Freckle-faced hapa. Wyoming native based in San Francisco. Part time traveler. Full time wanderer. Ties proverbial silk knots and weaves stories. Currently documenting the Asian American experience across the Mountain West. Got a story tip? Let's have tea and talk!
Today’s the day that you may or may not have known you’ve been waiting for: LEX the Lexicon Artist has dropped her debut album. Raging Ego rages in the best way possible, dipping into stories that feel simultaneously deeply personal, wholly relatable and uniquely LEX. This lyric from the track “Curse of Creativity” says it best: “I felt like I was reading your autobiography. With every track it was as if I was exploring your brain and inhabiting your every pleasure and absorbing your pain. I know that all your other listeners have felt like this too, but I’m privileged to have shared something special with you.” The sentiment is mutual, LEX. Meet the artist and entertainer behind the infectious rap rhymes in her personal essay here.
Way back when I recorded an essay for the radio. Remember that? It’s since been produced and published. Grab it on iTunes,Wyoming Public Media, or your local NPR member station.
Oh my! I’ve been waiting for this since February of 2016. When I received the email this morning that it had been completed I almost didn’t open it for fear of hearing my own voice. Of course, that’s silly. I’m so glad I did. So much has changed since I sent a query from chilly London to windswept Wyoming to see if they’d have me on the Wyoming Public Media Spoken Words program. When I went in to record an essay about her, my grandma was still living in her own house at the age of 90. Since then we’ve helped her move into assisted living. When I first went in to record, I was just launching a journey to independently discover who I was as a creative media maker. Since then, I’ve learned much more about that part of myself and feel confident in it. Of course, both of these situations will continue to evolve, not unlike what I describe in this piece, and this podcast captures a perfect snapshot of where my family and I were at that very moment, one tile in a mosaic I’m piecing together.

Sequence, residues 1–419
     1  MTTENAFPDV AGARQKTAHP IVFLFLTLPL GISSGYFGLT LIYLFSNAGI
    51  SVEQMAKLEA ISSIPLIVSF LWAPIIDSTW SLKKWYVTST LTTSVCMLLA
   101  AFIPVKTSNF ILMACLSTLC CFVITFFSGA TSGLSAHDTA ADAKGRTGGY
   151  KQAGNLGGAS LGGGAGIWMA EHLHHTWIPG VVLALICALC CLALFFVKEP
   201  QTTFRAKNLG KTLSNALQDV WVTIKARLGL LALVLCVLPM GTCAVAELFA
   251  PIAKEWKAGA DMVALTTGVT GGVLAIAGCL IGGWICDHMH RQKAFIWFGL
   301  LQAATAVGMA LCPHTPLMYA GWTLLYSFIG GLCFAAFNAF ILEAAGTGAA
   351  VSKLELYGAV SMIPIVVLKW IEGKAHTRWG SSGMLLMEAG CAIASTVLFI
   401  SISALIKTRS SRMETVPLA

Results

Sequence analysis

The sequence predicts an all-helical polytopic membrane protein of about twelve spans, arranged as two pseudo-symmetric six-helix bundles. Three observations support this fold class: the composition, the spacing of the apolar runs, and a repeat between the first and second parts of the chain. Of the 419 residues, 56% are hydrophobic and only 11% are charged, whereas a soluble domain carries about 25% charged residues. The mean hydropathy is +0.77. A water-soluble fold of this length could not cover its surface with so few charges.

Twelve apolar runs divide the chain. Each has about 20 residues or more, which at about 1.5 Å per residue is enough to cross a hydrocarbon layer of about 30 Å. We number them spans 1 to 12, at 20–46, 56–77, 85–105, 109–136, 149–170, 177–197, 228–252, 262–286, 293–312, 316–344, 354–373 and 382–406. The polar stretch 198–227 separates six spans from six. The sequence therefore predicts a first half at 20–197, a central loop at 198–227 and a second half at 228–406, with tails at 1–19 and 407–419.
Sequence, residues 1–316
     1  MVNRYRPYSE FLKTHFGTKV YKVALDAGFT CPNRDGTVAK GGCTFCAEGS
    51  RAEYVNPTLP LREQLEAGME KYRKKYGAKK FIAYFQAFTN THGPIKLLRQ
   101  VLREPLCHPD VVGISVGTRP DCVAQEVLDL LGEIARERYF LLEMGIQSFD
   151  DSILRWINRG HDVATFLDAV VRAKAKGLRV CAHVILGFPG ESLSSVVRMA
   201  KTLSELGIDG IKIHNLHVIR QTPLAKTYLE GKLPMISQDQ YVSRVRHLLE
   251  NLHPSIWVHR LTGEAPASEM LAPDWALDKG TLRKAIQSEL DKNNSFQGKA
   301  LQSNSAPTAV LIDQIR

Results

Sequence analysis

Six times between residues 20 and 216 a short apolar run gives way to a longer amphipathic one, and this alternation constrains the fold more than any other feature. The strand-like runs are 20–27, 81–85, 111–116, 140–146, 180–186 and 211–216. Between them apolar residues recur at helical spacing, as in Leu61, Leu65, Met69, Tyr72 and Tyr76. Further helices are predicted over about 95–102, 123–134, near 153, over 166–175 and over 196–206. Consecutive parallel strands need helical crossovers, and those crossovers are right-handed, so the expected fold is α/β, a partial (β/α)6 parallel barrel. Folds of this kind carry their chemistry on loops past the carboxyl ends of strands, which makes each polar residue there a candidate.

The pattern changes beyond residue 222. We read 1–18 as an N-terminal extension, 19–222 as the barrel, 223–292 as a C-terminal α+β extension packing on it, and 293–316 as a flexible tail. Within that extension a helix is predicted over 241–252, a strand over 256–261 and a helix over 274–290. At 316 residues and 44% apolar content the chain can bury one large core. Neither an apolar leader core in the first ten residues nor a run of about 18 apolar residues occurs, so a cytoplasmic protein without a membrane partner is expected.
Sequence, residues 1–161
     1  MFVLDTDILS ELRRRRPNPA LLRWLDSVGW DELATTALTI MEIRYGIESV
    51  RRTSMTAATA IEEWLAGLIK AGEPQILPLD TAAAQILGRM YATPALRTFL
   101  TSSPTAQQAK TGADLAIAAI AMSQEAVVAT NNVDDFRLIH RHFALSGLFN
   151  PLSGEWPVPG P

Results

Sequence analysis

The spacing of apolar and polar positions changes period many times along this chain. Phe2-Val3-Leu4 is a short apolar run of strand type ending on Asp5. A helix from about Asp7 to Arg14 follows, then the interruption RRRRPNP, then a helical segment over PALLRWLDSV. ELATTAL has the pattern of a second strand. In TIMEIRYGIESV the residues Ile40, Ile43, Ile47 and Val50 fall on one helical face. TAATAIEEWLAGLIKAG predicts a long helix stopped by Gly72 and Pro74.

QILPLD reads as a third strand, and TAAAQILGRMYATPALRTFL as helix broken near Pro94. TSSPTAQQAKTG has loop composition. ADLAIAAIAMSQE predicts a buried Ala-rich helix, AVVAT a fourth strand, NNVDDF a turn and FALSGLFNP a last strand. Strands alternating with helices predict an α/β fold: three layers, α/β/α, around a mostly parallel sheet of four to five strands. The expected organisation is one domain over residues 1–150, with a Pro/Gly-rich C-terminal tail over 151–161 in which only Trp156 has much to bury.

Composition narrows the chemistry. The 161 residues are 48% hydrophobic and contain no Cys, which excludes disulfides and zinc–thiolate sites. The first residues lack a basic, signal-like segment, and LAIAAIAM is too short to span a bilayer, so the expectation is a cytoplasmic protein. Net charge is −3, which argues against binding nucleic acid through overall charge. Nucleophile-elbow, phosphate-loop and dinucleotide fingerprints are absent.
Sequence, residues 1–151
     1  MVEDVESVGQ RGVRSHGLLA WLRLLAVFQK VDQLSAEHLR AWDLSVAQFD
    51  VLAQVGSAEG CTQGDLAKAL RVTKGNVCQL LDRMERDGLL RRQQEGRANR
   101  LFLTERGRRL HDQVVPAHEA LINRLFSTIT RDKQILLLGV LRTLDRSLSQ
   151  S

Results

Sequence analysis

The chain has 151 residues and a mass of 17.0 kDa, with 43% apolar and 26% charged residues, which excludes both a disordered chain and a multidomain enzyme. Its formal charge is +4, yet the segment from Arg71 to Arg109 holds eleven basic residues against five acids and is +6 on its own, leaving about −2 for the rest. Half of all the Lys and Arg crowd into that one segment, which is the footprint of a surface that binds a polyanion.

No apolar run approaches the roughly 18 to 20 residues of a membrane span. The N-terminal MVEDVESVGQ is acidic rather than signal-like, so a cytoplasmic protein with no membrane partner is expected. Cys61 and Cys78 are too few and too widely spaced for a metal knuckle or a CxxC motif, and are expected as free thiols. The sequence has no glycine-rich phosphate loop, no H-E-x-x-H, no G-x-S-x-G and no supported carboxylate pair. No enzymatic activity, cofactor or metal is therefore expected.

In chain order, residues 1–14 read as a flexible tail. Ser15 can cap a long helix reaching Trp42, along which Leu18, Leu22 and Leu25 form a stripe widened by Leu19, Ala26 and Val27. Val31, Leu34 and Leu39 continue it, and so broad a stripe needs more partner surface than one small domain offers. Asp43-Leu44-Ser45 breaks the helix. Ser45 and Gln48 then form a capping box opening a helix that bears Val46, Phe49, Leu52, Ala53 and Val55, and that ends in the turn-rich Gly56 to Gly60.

Many thanks to the team at Wyoming Public Radio & Media, especially production director Micah Schweizer for thoughtful conversation on third culture and mixed race experiences, and producer Annie Osburne for making sense of it and putting it all together. Thanks to GrubWriters and Jennifer Mattson for initially giving me an outlet to play with essay, including this one. Thanks to Gakko for the media-making and identity formation love. Thanks to CSU APACC for the community and Silk Knots support. Thanks to the East Bay Donut Club for the community and nudge to keep writing — this story and others.
P.S. Still building out the Silk Knots archive. Record or write something here.
PSA! Silk Knots needs YOU. Share your story today and get it featured here as an essay or podcast to build community and share our experiences. Get the details here, and feel free to contact me here. I look forward to hearing from you!
She said our meeting was 命運, fate. And I believed her. Words from the young woman I met at the airport, in transit from one country to another. I had been on the road now for more than six months. I had started to yearn for home. Where was home, any way? She reminded me it was with good people. Continue reading “Homecoming”→
Growing up, Alexander Larson had a need for speed. Make that Speed — the 1994 action film. It was the cars that drew him to the film (a subject he’s still passionate about as he pursues his degree in Mechanical Engineering as a senior at Colorado State University) but it was also something else. It starred someone who looked like him. Keanu Reeves is one of the best known Hollywood actors who happens to be part Asian, significant when only one out of 20 speaking roles goes to Asians and only one percent land leading roles. Alexander writes about these memories and more in his essay here. Continue reading “Let’s Talk Story: A Need for Speed”→
Behind the scenes to the most recent feature I wrote.
One of the things that makes me feel grounded and connected to all parts of my identity (and just generally feel human ) is gazing at the moon. It’s something that’s simple and universal, but has special significance to me because it’s referenced so frequently in Chinese poetry, including the Tang poet Li Bai’s famed work “Quiet Night Thinking.” This week I wrote about it in relation to my quest to see the Super Moon.
I’ve been away from home for quite some time. This statement then begs the question, where, exactly, is home? For now, I content myself with the idea that my home is wherever I happen to be at a given moment, in this case, London. It’s rather difficult to conduct oral histories based in the Mountain West here or the other nine countries I’ve since visited, so I’ve been occupying my time in myriad other ways, including other sorts of research and writing. Continue reading “Kyungso Park and Andy Sheppard at the Royal Albert Hall, London”→